Other authors [4,7,17] reached similar conclusions using NP-AFP and NICS 2006 data to estimate coverage with type 2-containing OPV. Moreover, asides the drop in the RI in the affected LGA, the environmental characteristics of the case-patient may also contribute towards the emergence of the infection. We observed that the case had lived in a filthy environment with poor toilet and water facilities, which could aid the occurrence of the infection. Similar observations were also made in earlier reports [8,13]. The immunisation response administrative data revealed that a substantial number of children were vaccinated in the affected ward while more than 100% coverage rates were achieved during the three rounds of the large-scale response in the states where they were conducted. It is expected that this will boost the herd immunity and prevent transmission. A similar response has been conducted in previous outbreaks in Nigeria with an encouraging outcome. For instance, after two rounds of tOPV SIAs conducted in affected northern states in Nigeria in May and August 2009, monthly incidence of cVDPV2 decreased sharply from 35 cases in 2009 to 0-3 cases during September 2009-June 2010 [9].


The SIAs, being a mass vaccination campaign strategy aimed to administer additional doses of oral poliovirus vaccine (OPV) to each child aged <5 years [16], regardless of their vaccination history, may have proven effective in reducing the incidence of VDPV. The strategy has also been mainly used in many countries and has contributed to the 99% global reduction in the incidence of paralytic poliomyelitis observed since 1988 lunch of the global polio eradication initiative [18,19]. We identified some crucial strengths in the public health response embarked upon during this polio event. The state and LGA team were committed and there was the timely arrival of training, logistics and social mobilisation funds. The national government and partner agencies adequately provided financial support and there was an excellent and efficient state cold chain system. Also, evening review meetings at state and LGAs helped in correcting gaps for the next day´s work and there was intensive supervision by state team and partners during training and implementation. However, some gaps, including the non-release of counterpart funding by the state and LGA to aid logistics activities, late arrival of vaccines to the state, inadequate micro plans, poor team performance in the filing of the data tools and ineffective social mobilization, especially to schools and churches, were noted.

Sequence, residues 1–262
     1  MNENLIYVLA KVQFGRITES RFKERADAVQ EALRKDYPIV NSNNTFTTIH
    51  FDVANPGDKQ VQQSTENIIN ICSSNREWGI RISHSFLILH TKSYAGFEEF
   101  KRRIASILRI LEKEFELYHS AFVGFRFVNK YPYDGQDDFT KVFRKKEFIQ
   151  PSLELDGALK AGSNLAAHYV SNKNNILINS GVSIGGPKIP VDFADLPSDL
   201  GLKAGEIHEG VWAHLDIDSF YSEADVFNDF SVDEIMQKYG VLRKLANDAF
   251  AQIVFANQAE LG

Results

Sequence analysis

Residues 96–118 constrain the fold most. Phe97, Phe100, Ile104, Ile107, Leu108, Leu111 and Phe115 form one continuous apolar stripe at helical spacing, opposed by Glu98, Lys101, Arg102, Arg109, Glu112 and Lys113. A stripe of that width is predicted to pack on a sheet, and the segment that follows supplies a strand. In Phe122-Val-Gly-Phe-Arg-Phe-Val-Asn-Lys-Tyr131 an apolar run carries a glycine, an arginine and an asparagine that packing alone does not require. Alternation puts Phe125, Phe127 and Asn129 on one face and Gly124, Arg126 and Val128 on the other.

Conclusion Up    Down

Finally, to prevent the occurrence of poliovirus event or outbreaks subsequently, efforts should be directed to, improving environmental hygiene in households and improving OPV and inactivated polio vaccine (IPV) coverage which reduces the risk of VDPV in subsequent routine and supplementary immunisation activities. Public enlightenment on the importance of proper environmental sanitation should be embarked upon. Environmental inspection may be reintroduced to educate community members. There is a need for the state and LGA authorities to ensure ownership of the SIA and RI program, by ensuring the provision of adequate materials and funds required, as well as the early arrival of vaccines and relevant tools during campaigns.


Funding: the WHO supported the investigation and the immunisation response.



Competing interests Up    Down

The authors declare no competing interests.



Authors' contributions Up    Down

All the authors have read and agreed to the final manuscript.



Acknowledgments Up    Down

The authors acknowledge all the disease surveillance and vaccination personnel in the state who participated in the conduct of community case search and implement all planned polio-event response activities.



Table and figures Up    Down

Table 1: outcome of vaccination coverage among households in the immediate environment of the case-patient

Figure 1: map of Osun state, Nigeria, showing Ife East LGA, including state borders, 2015

Figure 2: annual OPV 3 coverage, routine immunisation, Ife East LGA, Osun state 2012-2015



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Outbreak investigation report

Field investigation and response to a vaccine-derived poliovirus pre-tOPV switch in Southwest Nigeria, October 2015

Outbreak investigation report

Field investigation and response to a vaccine-derived poliovirus pre-tOPV switch in Southwest Nigeria, October 2015

Outbreak investigation report

Field investigation and response to a vaccine-derived poliovirus pre-tOPV switch in Southwest Nigeria, October 2015